The Second Superstring Revolution: The 11-Dimensional Theory

The period immediately following the proposal of M-theory has been called the “second superstring revolution,” because it once again inspired a flurry of research into superstring theory. The research this time focused on understanding the connections between the existing superstring theories and between the 11-dimensional theory that Witten had proposed.

Witten wasn’t the first one to propose this sort of a connection. The idea of uniting the different string theories into one by adding an 11th dimension had been proposed by Mike Duff of Texas A&M University, but it never caught on among string theorists.

Witten's work on the subject, however, resulted in a picture where the extra dimension could emerge from the unifications inherent in M-Theory — one that prompted the string theory community to look at it more seriously.

In 1994, Witten and colleague Paul Townsend had discovered a duality between the 10-dimensional superstring theory and an 11-dimensional theory, which had been proposed back in the 1970s: supergravity.

Supergravity resulted when you took the equations of general relativity and applied supersymmetry to them. In other words, you introduced a particle called the gravitino — the superpartner to the graviton — to the theory. In the 1970s this was pretty much the dominant approach to trying to get a theory of quantum gravity.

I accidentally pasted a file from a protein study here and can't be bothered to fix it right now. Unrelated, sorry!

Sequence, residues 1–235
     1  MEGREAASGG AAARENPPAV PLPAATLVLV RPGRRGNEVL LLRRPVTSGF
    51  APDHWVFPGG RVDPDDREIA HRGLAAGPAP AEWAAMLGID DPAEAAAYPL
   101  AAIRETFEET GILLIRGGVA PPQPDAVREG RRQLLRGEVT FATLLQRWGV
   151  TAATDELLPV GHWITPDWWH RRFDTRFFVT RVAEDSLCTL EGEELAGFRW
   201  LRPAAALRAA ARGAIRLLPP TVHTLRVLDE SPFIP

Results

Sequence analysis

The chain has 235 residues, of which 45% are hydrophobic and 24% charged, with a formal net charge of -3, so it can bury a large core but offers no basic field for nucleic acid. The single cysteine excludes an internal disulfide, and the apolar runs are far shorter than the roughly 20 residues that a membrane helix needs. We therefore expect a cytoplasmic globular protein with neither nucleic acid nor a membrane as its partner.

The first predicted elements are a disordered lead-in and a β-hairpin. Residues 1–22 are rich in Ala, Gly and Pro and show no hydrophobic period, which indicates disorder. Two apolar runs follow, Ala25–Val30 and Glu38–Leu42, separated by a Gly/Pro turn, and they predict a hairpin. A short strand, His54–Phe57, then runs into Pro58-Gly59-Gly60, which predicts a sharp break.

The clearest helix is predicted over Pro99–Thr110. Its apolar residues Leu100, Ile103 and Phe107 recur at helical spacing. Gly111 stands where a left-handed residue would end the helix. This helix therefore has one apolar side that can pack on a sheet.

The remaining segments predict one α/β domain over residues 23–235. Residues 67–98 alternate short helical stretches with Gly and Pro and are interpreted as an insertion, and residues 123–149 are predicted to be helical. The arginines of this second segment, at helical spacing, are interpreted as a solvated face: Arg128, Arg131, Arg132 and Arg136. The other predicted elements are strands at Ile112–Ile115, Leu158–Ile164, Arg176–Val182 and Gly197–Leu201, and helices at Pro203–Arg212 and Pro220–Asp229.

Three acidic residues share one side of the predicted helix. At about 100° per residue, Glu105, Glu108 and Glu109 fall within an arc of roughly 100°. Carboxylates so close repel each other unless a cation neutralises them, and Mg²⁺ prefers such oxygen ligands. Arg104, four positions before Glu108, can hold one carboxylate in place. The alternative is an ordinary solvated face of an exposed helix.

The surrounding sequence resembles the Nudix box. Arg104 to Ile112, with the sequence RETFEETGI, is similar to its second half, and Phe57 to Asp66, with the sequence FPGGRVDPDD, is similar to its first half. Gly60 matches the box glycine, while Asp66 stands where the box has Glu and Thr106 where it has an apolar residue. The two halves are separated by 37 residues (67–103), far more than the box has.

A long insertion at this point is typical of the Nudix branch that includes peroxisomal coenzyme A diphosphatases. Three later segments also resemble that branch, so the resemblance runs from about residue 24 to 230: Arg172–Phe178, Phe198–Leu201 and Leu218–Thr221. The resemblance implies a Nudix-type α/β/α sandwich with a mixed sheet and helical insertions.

What Witten and Townsend did in 1994 was take the 11-dimensional supergravity theory from the 1970s and curl up one of the dimensions. They then showed that a membrane in 11 dimensions that has one dimension curled up behaves like a string in 10 dimensions.

Again, this is a recurrence of the old Kaluza-Klein idea, which comes up again and again in the history of string theory. By taking Kaluza’s idea of adding an extra dimension (and Klein’s idea of rolling it up very small), Witten showed that it was possible — assuming certain symmetry conditions — to show that dualities existed between the existing string theories.

There were still issues with an 11-dimensional universe. Physicists had shown supergravity didn’t work because it allowed infinities. In fact, every theory except string theory allowed infinities. Witten, however, wasn’t concerned about this because supergravity was only an approximation of M-theory, and M-theory would, by necessity, have to be finite.

It’s important to realize that neither Witten nor anyone else proved that all five string theories could be transformed into each other in our universe. In fact, Witten didn’t even propose what M-theory actually was.

What Witten did in 1995 was provide a theoretical argument to support the idea that there could be a theory — which he called M-theory — that united the existing string theories. Each known string theory was just an approximation of this hypothetical M-theory, which was not yet known. At low energy levels, he also believed that M-theory was approximated by the 11-dimensional supergravity theory.

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